Pirzadi Noorunisa Inayat Khan

noor_profile

Biography of Pirzadi Noor-un-Nisa Inayat Khan

January 1st, 1914 — September 13th, 1944

George Cross, Croix de Guerre

Noor Inayat Khan was born in Moscow in the Vusoko Petrovsky monastery on 1 January 1914. Her name meant “light of womanhood.” Her title was Pirzadi, daughter of the Pir.  As the First World War engulfed Europe, the family left for England, where they lived for the next six years. In London, three more children were born.

When Noor was six, the family set sail for France again and began to live in a large house on the outskirts of Paris. Hazrat Inayat Khan called the house Fazal Manzil – or ‘House of Blessing’ – and such a place it was. It became an idyllic home for the family, an open house full of music and meditation with Sufis visiting round the year.

But in 1927, Hazrat Inayat Khan decided to return to India. He had not been keeping well lately and yearned to go back to his motherland. A few months later they received the devastating news of his death. Noor’s mother, Amina Begum, went into seclusion. Noor, at the tender age of thirteen, took responsibility for the family and became a mother to her siblings. She began to write poems and short stories and found solace in these when the burden of domestic chores became too much to bear.

After her schooling, Noor studied child psychology at the Sorbonne and also joined the École Normale to study music. Meanwhile, she was finding her feet as a writer of children’s stories. Her stories were published in the Sunday section of Le Figaro and in 1939 her first book, Twenty Jataka Tales, was published in England.

In 1940 with the German army ready to enter Paris, Noor and Vilayat took a crucial decision that was to change their lives. Though they were Sufis and believed in nonviolence, they resolved to go to England and volunteer for the war effort.

In a bombed-out London, Vilayat volunteered for the Royal Air Force, and Noor volunteered for the Women’s Auxiliary Air Force. There she was trained as a radio operator, joining the first batch of women to train in this field.

But while Noor was tapping away at her Morse code, she was being watched by the Special Operation Executive, who were looking out for people with language skills. The SOE was a crack organization set up by Churchill to aid the Resistance movements in Occupied countries. Their job was sabotage, and providing arms and money to the Resistance.

Noor was called for an interview at the offices of the SOE. She was told that she would be sent as an agent to occupied France after training. She would have no protection, as she would not be in uniform, and she would be shot if she was caught. Without a moment’s hesitation, she said she would take the job.  Back on French soil, she made her way alone to Paris and joined the circuit. It was the biggest SOE circuit in Europe, called Prosper. Soon Noor settled down and began transmission.

Within a week, disaster struck the Prosper circuit.  By mid-August Noor was the only British agent in Paris. Single-handedly she now started doing the work of six radio operators. The next three months, Noor was to survive in a dangerous cat and mouse game played by the Gestapo.  The Nazis knew about her and could even hear her transmissions but they could not catch her.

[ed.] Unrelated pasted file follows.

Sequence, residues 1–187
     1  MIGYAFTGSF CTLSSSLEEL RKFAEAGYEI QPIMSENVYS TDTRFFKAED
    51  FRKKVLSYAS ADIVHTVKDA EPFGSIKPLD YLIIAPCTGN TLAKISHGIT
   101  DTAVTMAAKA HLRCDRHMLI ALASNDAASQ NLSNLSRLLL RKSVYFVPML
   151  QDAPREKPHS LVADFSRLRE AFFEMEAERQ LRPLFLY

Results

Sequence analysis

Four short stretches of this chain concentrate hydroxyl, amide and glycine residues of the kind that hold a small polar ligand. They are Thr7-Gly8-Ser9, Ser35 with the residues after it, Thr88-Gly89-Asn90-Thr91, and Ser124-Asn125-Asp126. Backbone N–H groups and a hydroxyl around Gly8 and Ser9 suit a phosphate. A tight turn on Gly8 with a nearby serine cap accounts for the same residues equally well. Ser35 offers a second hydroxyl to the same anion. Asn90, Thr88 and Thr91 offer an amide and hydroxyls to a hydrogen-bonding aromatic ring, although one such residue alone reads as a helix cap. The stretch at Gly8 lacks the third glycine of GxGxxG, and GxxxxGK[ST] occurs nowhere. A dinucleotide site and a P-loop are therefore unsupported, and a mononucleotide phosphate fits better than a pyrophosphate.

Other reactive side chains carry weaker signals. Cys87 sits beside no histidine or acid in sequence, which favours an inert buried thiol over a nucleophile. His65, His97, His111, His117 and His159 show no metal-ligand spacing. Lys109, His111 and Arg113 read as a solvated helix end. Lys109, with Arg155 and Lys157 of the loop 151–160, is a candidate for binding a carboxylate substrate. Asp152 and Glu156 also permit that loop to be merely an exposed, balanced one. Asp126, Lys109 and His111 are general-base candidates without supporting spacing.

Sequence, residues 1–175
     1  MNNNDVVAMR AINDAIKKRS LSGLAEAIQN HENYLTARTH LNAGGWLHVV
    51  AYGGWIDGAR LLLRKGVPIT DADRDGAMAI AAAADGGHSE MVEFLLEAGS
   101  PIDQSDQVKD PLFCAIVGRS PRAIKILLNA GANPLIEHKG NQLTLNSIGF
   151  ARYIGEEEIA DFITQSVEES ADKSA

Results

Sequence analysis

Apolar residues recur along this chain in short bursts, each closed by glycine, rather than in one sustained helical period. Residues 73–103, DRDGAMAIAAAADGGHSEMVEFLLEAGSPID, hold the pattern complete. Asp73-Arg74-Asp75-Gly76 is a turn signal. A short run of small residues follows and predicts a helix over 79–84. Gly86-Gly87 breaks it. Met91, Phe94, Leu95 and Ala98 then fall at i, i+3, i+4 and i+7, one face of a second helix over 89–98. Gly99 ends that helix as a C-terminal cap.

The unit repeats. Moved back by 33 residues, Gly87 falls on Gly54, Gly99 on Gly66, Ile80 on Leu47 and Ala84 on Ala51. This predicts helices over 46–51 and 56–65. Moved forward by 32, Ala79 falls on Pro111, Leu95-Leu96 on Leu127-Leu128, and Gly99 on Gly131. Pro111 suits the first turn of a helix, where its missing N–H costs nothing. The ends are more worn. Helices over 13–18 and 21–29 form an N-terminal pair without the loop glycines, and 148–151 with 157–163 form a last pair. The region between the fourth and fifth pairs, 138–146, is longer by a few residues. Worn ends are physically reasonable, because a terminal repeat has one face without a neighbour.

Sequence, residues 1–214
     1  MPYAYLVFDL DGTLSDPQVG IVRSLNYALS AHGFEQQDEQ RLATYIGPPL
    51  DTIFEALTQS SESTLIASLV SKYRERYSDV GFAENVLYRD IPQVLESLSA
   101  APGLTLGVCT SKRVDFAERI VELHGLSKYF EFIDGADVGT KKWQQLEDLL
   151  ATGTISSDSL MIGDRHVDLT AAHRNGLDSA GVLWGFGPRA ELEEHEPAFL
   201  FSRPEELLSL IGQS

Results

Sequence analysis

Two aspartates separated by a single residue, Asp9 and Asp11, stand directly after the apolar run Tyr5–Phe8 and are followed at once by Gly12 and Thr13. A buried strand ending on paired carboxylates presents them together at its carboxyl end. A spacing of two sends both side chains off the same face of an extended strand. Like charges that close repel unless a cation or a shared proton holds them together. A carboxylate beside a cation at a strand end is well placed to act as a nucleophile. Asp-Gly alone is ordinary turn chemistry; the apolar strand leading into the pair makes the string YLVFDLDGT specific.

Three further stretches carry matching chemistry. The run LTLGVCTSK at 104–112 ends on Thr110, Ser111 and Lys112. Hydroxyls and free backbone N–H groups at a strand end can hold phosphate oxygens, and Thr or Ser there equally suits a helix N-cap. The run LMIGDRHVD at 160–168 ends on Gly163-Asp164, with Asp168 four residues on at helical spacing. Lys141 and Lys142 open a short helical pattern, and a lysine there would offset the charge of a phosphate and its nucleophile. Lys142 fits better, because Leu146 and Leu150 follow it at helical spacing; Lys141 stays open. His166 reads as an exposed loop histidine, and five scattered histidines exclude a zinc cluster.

Noor’s address was sold to the Nazis for 100,000 francs. With this information the Gestapo arrested her and took her to their Headquarters at 84 Avenue Foch.

Noor immediately made an escape attempt, but was caught. A few weeks later she made another daring escape attempt with two other prisoners, loosening the sky window and clambering on the roof. If this escape had succeeded it would have gone down as one of the most daring escapes of the Second World War.

Noor was now labelled a “highly dangerous” prisoner, and became the first woman agent to be sent to a German prison.  She was regularly beaten, tortured and interrogated but she revealed nothing about her circuit and gave out no names.

On the night of September 11, Noor was ordered to come out of her cell. She was driven handcuffed to Karlsruhe and met three of her colleagues there. Together the women were driven to the railway station and made to board a train.

They reached Dachau at midnight and were led to the concentration camp. It was to be a long night for Noor. All night long, she was kicked and beaten and when her frail body had slumped on the floor, she was asked to kneel and shot point blank at the back of the head by an SS guard. Her last word was “Liberté.”

Back in England, both her mother and brother had the same dream. Noor came to them surrounded by blue light. She told them she was free.

On 16 January 1946, the French awarded Noor the Croix de Guerre, the highest civilian honour. Three years later in 1949, England awarded her the George Cross.

More than sixty-five years after the war, Noor’s story needs to be preserved for a new generation who need to know about the sacrifices made for freedom. Noor’s last word, “Liberté,” has been carved on a Memorial in Gordon Square to remind the world that a beautiful young woman unhesitatingly sacrificed her life, so the world could be free of Fascism.

By Shrabani Basu, author of Spy Princess: The Life of Noor Inayat Khan, Omega Publications, 2007.

Adapted from pirzia.org.

See also:  Noor-un-nisa Inayat Khan, Madeiline, Jean Overton Fuller, East-West Publications, 1971, 1988.  A PBS documentary is also available.

The Sufi Order of Rochester Center for Sufi Studies, 494 East Avenue, Rochester, NY 14607, the Carriage House behind the AAUW mansion (Carriage House is 492).